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Southern California Edison IT workers 'beyond furious' over H-1B replacements

Patrick Thibodeau | Feb. 5, 2015
About 500 IT jobs are cut at utility through layoffs and voluntary departures

Although H-1B workers have to be paid prevailing wages, a data analysis of wages that Hira conducted found that H-1B workers cost employers less. The national median wage for an Infosys worker over a recent three-year period was $60,000 per year and for Tata it was $64,900, he said.  These are figures that are lower than what appear in salary surveys, including Computerworld's annual survey. H-1B workers employed by offshore outsourcing companies are less likely to become permanent residents. Infosys sponsored only 2% of its workers for permanent U.S. residency over a three-year period and Tata, none, he said.

Northeast Utilities in Connecticut last year made a similar decision to SCE's and brought in foreign contractors on visas. More than 200 U.S. IT workers lost their jobs.

Some of the SCE employees say the outsourcing move is linked to a 2012 report that found fault with the IT management culture. The report, by a consulting firm's incident management team, followed a December 2011 shooting, where an employee fatally shot two IT managers and wounded two other workers before taking his own life. The gunman worked in the IT department.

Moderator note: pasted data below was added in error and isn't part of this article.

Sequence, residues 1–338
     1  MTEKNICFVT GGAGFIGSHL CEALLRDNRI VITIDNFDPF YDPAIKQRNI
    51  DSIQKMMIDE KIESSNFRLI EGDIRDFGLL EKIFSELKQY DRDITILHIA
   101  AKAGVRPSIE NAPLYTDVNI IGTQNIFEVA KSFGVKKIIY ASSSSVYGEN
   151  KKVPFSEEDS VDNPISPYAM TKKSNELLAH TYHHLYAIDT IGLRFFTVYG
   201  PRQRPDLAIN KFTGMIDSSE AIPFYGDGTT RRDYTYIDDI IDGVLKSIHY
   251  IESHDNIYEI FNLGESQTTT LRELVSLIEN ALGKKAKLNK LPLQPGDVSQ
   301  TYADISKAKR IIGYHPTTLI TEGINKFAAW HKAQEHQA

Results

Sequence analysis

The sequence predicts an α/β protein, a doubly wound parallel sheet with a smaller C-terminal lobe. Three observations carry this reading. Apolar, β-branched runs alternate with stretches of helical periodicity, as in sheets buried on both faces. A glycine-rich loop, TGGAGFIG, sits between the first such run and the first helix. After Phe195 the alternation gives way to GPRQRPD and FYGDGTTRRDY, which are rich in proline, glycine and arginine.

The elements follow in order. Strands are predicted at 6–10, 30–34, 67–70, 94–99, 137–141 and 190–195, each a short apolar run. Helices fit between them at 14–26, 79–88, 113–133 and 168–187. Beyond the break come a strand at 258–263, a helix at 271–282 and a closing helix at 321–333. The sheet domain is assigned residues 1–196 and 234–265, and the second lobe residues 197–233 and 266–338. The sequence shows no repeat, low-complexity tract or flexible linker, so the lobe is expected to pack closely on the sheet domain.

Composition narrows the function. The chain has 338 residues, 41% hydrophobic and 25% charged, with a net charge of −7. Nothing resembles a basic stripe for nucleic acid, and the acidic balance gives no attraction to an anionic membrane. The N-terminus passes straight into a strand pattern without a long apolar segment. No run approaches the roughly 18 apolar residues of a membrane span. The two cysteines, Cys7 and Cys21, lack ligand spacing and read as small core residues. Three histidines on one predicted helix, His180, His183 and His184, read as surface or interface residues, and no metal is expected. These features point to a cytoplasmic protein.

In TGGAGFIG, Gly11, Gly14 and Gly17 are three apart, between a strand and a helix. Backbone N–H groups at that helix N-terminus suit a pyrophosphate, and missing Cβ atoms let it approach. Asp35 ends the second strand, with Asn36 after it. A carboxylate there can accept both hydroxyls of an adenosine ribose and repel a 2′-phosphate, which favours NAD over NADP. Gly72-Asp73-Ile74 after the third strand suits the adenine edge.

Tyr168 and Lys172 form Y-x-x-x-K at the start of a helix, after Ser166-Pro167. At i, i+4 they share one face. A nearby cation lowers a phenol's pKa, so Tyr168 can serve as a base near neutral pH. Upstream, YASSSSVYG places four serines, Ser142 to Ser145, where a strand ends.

The consultants interviewed IT workers who told them that some managers were "autocratic, authoritarian and draconian in their approach." Full-time employees complained of working excessive hours, including weekends and holidays. The report said that "these difficult and exhausting conditions are reportedly having adverse consequences on employees health, including increased stress and irritability."

Prior to the outsourcing agreements, the SCE employees said there were a series of layoffs, including managers.

SCE said it is helping affected employees with severance, and other benefits, including "job fairs and other possible opportunities with other organizations within SCE."

"SCE does not take this action lightly and it is assisting employees through this difficult period," the utility said.

But the third employee interviewed said it did not appear that the company was interested in keeping any of the IT workers targeted for layoffs, and they weren't being offered the chance to apply for other jobs. "They just want to get rid of us and clean house," said this IT worker, who now worries about keeping her home.


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